“We’re going to see some creative openings, to get that revenue flowing,” Rose said.

At Enigma Salon, stylist Eleanor Thompson was already fielding calls for appointments. Thompson said she planned to disinfect her shop and see clients one at a time while wearing a mask and gloves.

“And we’ll keep the door locked,” she said, to ensure that walk-ins (still allowed under the mayor’s order) wait outside.

Across town, Loveria Caffè was ready to serve five tables of diners on its outdoor patio, but owner Andrea Matteucci was still trying to figure out how to start service safely.

If a large family arrives, can they be seated together at the same small table, he wondered? Do restaurants need to post new social distancing rules? Does the health department need to sign off on them? None of that was addressed in the mayor’s order.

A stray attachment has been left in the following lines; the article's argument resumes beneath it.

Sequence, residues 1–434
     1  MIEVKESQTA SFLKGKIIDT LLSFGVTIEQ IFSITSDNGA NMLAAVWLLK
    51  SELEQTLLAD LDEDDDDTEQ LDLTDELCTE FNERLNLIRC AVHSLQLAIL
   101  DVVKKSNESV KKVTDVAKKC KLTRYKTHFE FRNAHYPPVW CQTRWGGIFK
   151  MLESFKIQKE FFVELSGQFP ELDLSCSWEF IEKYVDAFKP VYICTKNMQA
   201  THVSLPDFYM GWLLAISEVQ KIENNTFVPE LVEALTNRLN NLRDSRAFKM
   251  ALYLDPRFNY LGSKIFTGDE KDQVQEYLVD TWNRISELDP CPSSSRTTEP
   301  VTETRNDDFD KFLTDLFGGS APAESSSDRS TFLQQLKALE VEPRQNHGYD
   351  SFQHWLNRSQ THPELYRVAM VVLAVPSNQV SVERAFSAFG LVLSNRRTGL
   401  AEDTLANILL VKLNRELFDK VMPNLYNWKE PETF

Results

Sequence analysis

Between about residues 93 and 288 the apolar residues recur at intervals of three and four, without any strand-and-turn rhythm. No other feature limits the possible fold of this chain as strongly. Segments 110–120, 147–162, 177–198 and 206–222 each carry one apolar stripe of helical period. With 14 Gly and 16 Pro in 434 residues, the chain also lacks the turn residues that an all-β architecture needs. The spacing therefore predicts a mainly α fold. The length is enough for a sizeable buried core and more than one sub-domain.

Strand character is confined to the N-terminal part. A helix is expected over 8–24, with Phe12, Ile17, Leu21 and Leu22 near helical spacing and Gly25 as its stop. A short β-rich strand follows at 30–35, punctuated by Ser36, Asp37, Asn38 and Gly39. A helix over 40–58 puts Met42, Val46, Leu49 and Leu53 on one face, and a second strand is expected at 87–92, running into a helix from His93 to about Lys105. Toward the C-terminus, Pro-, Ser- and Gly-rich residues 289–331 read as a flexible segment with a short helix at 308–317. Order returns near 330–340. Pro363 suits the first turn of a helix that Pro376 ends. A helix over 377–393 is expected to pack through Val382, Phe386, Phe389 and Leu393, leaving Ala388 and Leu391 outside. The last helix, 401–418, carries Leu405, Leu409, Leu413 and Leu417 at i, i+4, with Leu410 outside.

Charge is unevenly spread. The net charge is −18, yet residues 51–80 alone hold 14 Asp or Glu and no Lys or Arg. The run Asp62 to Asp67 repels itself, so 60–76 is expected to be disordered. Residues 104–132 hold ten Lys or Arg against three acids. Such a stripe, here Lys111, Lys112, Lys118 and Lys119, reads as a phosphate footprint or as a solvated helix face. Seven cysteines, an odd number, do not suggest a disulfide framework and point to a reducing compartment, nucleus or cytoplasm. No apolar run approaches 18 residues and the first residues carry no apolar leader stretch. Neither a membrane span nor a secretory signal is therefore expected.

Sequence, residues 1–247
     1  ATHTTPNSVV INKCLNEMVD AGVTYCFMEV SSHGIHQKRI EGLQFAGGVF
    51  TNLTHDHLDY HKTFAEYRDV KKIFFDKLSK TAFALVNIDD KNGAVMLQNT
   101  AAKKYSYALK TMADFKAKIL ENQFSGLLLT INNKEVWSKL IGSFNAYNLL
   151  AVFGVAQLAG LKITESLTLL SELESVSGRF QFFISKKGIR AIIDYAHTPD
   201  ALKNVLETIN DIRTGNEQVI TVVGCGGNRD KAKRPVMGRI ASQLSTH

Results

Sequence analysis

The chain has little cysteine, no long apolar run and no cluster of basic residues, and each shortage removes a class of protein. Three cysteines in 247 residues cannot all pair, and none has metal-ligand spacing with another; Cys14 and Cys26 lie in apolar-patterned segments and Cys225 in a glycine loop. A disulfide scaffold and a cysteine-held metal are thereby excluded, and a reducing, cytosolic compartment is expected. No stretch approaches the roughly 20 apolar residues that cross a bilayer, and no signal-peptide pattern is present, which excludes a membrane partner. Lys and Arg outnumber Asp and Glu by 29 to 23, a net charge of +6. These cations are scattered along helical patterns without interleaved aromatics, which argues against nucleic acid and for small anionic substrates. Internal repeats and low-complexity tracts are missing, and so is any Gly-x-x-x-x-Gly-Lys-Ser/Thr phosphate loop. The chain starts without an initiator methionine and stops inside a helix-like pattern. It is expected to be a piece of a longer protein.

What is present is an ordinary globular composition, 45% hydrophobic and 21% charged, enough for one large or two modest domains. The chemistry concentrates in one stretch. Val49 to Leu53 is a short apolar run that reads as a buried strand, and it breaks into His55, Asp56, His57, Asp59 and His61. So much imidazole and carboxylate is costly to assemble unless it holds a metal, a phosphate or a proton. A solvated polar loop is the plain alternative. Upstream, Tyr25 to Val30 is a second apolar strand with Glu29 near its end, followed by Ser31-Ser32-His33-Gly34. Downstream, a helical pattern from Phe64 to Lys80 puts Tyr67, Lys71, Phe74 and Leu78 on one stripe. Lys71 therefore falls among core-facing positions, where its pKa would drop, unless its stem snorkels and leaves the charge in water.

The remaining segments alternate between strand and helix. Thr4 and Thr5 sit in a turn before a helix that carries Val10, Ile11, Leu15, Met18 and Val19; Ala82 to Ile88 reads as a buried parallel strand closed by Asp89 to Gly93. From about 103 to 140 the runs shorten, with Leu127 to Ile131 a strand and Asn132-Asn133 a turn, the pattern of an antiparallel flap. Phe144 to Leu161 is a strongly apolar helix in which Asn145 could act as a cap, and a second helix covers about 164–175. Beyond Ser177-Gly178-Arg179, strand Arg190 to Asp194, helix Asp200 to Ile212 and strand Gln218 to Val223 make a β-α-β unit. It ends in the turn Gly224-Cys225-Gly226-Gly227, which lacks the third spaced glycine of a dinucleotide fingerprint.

“We are ready with masks for the servers, with shields. But before making a decision we would like to ask more details from the city, because we don’t want any risks for our customers or employees,” Matteucci said. “Everybody needs to better understand what we can do.”

One of his regular customers, Mark Assaad, wanted to return to the patio there and at neighboring Gloria’s Mexican restaurant.

“You’ve just got to make sure you’re wearing a mask,” Assaad, 49, a civil engineer, said as he stopped at Loveria on Wednesday to pick up takeout veal scallopini.